I consider myself incredibly lucky to be co-parenting with my amazing partner. While we're not married (and don't ever plan to be) we've created a perfect parenting partnership that not only benefits us, but benefits our son. I knew when I met my partner that he would be an amazing father, and that we would make an amazing set of parents. Still, there are things no one actually likes about co-parenting, and I would be lying if I said I didn't experience those things on a pretty regular basis. After all, parenting is tough and even the most solid, most "together" relationship is going to go through some "rough patches" when a kid is thrown into the mix.

My partner and I had a rough go of it from the very beginning. Initially, I was pregnant with twins and, well, high-risk pregnancies are scary. Then we went through a loss, when one of our twin sons died 19 weeks into the pregnancy. Then we went through more complications — like pre-term labor, a blood infection and a potential heart defect that was misdiagnosed — that made the pregnancy significantly more stressful. Labor and delivery was difficult, because I had to birth a baby that was alive and a baby that wasn't. Through it all, and every day since, my partner was there and I honestly can't imagine going through all of the aforementioned without him.

Still, he's not perfect and neither am I and, while raising our son, we haven't always seen eye-to-eye. There have so many challenging, frustrating moments that made co-parenting less than fun, and I have to think (even if it's just for my own sake) that most parents raising children with someone else feel the same way, too. So, with that in mind, here are just a few things no one actually likes about co-parenting. We can all be honest. This is a safe space.

Agreeing On Certain Parenting Decisions...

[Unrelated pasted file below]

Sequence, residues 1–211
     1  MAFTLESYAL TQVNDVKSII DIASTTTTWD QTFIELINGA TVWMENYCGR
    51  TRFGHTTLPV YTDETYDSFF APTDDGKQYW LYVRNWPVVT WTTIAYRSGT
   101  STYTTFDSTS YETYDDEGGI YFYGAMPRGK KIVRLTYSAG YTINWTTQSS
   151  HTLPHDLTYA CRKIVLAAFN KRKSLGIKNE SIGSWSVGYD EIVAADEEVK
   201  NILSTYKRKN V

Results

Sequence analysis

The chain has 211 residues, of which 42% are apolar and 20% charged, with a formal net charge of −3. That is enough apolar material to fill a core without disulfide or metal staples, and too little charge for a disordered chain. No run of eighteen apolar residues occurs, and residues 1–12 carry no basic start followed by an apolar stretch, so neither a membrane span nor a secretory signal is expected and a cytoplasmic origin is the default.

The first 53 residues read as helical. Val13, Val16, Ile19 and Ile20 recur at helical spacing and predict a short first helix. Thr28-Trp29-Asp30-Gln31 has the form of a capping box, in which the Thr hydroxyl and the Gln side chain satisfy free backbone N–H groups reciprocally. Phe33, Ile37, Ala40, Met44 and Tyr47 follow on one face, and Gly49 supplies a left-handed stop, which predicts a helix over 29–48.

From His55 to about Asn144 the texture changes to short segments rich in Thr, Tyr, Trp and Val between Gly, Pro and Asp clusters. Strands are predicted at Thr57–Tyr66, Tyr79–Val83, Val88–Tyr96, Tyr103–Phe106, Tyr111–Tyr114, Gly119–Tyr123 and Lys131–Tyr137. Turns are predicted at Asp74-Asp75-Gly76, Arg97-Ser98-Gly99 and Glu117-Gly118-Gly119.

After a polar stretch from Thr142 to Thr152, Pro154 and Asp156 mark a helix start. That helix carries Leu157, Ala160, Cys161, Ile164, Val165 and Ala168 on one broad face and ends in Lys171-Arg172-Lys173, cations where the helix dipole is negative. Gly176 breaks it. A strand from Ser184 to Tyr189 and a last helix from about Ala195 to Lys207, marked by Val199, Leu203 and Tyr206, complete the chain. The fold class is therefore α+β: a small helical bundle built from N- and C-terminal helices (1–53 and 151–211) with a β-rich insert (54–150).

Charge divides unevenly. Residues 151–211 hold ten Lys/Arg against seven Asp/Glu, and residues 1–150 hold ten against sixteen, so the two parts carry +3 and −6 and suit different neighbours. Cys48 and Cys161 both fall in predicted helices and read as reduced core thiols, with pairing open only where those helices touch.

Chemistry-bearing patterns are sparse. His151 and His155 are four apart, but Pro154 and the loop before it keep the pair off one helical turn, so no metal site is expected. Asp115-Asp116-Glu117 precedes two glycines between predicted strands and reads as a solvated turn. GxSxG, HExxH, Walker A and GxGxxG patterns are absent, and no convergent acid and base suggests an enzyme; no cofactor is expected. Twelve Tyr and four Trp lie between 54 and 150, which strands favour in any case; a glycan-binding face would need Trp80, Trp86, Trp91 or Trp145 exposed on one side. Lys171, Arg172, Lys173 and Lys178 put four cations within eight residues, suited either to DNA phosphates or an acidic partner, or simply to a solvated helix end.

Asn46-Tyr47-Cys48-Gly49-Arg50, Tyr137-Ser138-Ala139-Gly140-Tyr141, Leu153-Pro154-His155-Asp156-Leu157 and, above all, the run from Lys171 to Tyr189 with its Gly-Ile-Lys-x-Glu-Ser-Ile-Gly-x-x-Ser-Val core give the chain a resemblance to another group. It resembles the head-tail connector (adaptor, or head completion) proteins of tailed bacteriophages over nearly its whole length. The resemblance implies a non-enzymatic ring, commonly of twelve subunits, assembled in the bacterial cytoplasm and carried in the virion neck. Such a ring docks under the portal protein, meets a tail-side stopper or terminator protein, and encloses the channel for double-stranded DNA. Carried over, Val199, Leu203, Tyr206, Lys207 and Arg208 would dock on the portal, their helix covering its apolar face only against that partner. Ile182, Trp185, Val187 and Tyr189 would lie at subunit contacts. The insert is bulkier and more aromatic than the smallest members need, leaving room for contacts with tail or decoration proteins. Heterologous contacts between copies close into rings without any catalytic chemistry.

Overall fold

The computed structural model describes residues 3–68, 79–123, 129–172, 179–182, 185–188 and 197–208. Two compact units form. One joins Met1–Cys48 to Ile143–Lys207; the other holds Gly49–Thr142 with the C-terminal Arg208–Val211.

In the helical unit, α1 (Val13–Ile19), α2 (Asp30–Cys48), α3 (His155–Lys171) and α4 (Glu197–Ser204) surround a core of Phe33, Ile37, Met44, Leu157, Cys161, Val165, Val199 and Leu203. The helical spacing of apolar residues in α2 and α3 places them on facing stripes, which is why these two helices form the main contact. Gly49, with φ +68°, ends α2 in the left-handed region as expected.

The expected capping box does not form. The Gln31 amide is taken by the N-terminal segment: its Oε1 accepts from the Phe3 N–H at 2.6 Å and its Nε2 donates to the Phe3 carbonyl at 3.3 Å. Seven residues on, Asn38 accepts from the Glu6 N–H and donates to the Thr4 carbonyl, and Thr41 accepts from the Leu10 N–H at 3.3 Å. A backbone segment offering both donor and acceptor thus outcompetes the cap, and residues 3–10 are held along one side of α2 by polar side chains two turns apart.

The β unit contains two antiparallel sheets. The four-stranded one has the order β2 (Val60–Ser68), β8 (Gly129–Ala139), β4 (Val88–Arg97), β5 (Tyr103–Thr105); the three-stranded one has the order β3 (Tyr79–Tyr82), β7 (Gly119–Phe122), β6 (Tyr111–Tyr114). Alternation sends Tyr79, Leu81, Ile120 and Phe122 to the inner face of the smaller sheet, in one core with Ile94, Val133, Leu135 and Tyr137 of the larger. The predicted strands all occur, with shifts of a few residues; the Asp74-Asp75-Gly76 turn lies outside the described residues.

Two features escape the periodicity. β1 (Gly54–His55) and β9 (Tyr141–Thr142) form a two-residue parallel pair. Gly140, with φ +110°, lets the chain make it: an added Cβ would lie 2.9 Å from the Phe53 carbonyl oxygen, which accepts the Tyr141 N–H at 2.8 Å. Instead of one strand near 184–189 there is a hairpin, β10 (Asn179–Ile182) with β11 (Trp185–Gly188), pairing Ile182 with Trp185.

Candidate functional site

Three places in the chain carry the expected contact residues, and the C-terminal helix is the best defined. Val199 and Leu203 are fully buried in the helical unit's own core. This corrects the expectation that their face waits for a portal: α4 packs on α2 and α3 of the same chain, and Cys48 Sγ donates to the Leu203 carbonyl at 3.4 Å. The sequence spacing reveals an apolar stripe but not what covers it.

Of course I want to agree with my partner when it comes to raising our son, it's just that (sometimes) that's easier said than done. In those moments when we really seem to be at an impasse, being the only person to make the parenting decisions just seems easier. I wouldn't have to "check in" with someone else; I wouldn't have to make sure we're on the same page; I wouldn't have to make sure my parenting partner is comfortable with the decision I want and/or need to make.

There's something to be said for flying solo, my friends.

...And Compromising When You Really Don't Want To

I'm a big fan of compromise (I mean, aren't we all?) and credit my partner and I's ability to compromise as one of the main reasons we hardly ever argue, don't seem to contradict one another and can usually make decisions together.

However, sometimes the child in me kicks in and I simply don't want to compromise. In fact, there are some things I don't think I need or should compromise on. It's just that, in those moments when I feel like I'm completely and totally "right," my partner usually thinks he's completely and totally "right," too. Of course, this is when compromise is the most important, it's just also the most difficult.

Sharing Time With Your Kid


I love that my son gets to spend time with both parents and, usually, we don't really have to "share," because while we're not married, we're together and we live in the same house and we parent as a team.

Still, there are moments when I really just want to spend one-on-one time with my son, and I know my partner feels the same way. Sometimes, I just crave that solo-bonding time and while I am so thankful that the three of us get to be together more often than not, some mother-son time is what I really need.

When Your Kid Wants Your Parenting Partner, Instead Of You

Yes, sometimes this is the best. I need time to myself, too; I need time to go to work and focus on my career; I need time to cultivate and sustain the relationships I have outside of my son, so having him want "dad" instead of "mom" isn't necessarily the worst thing in the world.

Still, sometimes it's really sad. Like, the most sad. He is "supposed" to want mom when he is sad or hurt or angry or scared, right? When he wants dad instead of mom, I can't help but feel like I'm failing, even if (rationally) I know the exact opposite to be true.